Last month, you may recall, a Florida judge declared unconstitutional the comically gerrymandered congressional districts created by Republicans in the Legislature, ruling that they blatantly violated an amendment the state's voters had overwhelmingly approved in 2010.
In a scathing opinion, Leon County Circuit Judge Terry P. Lewis ruled in Tallahassee that the Legislature's Republican political consultants had "made a mockery" of the redistricting process, tainting it with "partisan intent."
Lewis said that the districts, drawn by the Republican-controlled Legislature after the 2010 census, flouted voter-passed constitutional amendments intended to eliminate gerrymandering — that is, often-bizarre and irregular lines that make a district safe for one party or the other.
Gerrymandering "has been criticized as allowing, in effect, the representatives to choose their voters instead of vice versa," he wrote.
Specifically, Lewis found that congressional districts 5 and 10 had been drawn to favor the GOP, and that neighboring districts had been affected as well. Those two districts, and any others affected, will need to be redrawn, he said.
District 5, of course, is the sprawling slice of weirdness that stretches from Jacksonville all the way down to Orlando, snagging black communities along the way (and thus making the adjoining Republican districts safer, which is the whole point). It belongs to Corrine Brown, GOP foot soldier. And she was none too thrilled about Lewis’ ruling: "Minority communities do not live in compact, cookie-cutter-like neighborhoods, and excessive adherence to district ‘compactness,' while ignoring the maintenance of minority access districts, fragments minority communities across the state," she raged.
The Legislature decided not to appeal, for that would only be more embarrasing. Instead it asked Lewis to let the districts stand until after the November election.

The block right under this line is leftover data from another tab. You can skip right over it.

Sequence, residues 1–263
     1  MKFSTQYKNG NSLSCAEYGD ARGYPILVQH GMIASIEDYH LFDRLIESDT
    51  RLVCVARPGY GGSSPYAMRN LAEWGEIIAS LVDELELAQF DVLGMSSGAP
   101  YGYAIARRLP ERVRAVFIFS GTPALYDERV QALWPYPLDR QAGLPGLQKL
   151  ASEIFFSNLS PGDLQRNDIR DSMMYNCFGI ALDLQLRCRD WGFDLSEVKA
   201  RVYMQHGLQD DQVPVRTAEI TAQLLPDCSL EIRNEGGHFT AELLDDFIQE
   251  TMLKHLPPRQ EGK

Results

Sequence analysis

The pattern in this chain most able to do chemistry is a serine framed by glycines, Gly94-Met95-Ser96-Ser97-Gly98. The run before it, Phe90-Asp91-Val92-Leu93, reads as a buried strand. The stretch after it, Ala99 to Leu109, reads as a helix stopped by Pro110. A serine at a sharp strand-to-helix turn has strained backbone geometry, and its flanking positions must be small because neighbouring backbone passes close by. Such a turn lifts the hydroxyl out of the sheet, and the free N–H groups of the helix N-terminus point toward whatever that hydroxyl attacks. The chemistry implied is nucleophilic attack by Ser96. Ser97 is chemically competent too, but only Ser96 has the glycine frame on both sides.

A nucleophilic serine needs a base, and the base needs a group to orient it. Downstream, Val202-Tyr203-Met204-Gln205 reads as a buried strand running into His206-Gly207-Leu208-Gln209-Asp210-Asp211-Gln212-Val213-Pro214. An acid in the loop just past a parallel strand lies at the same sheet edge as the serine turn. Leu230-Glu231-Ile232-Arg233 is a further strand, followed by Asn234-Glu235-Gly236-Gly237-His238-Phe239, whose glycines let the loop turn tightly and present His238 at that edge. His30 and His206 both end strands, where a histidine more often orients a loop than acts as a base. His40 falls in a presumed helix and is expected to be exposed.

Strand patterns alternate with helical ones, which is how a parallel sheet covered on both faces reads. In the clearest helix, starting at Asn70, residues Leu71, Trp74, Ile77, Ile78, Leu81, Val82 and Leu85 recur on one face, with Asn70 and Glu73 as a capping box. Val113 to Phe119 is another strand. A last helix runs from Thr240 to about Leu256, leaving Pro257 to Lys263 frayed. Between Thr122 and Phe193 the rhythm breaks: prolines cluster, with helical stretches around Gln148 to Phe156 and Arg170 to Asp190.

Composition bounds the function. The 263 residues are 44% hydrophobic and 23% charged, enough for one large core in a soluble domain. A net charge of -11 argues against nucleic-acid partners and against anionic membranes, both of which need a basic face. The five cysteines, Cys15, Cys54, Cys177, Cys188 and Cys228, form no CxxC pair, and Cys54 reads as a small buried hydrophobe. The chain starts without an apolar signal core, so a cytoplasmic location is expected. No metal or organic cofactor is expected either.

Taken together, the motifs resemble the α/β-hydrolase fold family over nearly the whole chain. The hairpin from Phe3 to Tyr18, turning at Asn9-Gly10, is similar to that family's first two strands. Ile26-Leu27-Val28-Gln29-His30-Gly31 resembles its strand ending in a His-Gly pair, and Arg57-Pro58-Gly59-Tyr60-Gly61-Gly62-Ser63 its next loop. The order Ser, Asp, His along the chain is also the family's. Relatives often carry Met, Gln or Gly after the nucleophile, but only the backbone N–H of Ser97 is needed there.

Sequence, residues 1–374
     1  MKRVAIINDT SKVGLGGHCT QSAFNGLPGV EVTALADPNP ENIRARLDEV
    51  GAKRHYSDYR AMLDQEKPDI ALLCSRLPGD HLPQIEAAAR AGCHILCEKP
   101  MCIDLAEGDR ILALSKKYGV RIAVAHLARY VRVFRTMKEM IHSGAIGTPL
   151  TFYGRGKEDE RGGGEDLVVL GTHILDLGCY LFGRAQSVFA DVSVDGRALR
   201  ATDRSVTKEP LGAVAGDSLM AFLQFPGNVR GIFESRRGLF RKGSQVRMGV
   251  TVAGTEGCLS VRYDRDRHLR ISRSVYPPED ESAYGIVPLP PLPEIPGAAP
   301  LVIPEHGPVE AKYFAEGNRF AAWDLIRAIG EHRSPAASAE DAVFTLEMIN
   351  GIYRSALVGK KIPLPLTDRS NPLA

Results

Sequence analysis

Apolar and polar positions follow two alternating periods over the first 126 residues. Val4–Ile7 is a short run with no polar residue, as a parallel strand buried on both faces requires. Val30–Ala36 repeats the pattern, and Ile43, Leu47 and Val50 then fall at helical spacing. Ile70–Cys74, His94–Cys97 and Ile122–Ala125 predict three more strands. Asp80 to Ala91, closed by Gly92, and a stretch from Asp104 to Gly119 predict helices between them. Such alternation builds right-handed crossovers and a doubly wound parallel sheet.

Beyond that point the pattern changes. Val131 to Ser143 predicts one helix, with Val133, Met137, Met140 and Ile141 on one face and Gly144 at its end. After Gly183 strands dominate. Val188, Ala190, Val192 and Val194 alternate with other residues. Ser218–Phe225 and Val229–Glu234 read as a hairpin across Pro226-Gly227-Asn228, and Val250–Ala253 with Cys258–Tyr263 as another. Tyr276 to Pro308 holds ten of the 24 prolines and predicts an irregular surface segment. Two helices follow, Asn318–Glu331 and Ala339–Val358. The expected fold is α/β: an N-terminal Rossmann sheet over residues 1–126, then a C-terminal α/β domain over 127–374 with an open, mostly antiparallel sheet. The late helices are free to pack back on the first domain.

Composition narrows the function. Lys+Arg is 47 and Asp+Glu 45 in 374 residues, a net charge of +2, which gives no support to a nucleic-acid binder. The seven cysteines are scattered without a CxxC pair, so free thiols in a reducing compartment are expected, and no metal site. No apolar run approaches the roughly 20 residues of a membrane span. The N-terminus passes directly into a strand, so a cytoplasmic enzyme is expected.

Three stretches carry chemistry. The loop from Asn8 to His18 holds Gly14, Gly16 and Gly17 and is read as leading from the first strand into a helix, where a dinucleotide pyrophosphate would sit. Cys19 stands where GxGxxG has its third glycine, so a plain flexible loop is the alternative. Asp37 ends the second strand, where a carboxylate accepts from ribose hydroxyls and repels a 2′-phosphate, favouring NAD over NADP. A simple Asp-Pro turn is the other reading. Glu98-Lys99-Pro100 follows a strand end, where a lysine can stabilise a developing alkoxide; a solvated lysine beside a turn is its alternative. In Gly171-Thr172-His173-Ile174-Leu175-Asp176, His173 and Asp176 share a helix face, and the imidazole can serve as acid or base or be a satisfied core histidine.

Today, he said no.
A Florida judge ordered the state Legislature on Friday to submit a redrawn congressional map within two weeks to replace ones for two districts that were ruled illegal.
In the ruling, Judge Terry P. Lewis of Florida’s Second Judicial Circuit held open the possibility of delaying the November elections.
Judge Lewis said that lawmakers must submit the revised map by Aug. 15 and that the state should also propose a new special election schedule because the changes would affect this year’s elections.
He said the revised maps were needed to decide whether to delay November’s elections in the affected districts. “Time is of the essence,” he wrote.
“Until we have a map in place, and we know what districts are affected,” he wrote, “it is difficult, if not impossible to evaluate whether an election with altered district lines in those affected districts is feasible prior to the new Congress taking office in January 2015.”
So, basically, the Republicans FUBARed the November elections.
Anyway, Corrine Brown is not happy.
U.S. Rep. Corrine Brown said the ruling “is certainly not in the best interests of Florida voters,” and argued only the governor, not a judge, has authority to convene a special session.
In an emailed statement, Brown said the existing district lines “were already approved in a bipartisan fashion in the state legislature, and were only approved after numerous statewide hearings.”
She restated earlier arguments that the case Lewis ruled on was “part of a bigger movement” to curb minority represented congressional districts.
Yeah, no. Sorry, Corrine, but it’s the opposite of that. By cramming just about every African-American north of Orlando into one district, the Republicans may have made your biannual victory assured, but they’ve made your constituents politically unimportant. Republicans don’t have to worry about them. And, quite frankly, the fact that you never have any serious competition doesn’t make you a better or more responsive representative, either.
And besides, Corrine, it’s not like you’re going to lose. You just might have to work at it a little bit.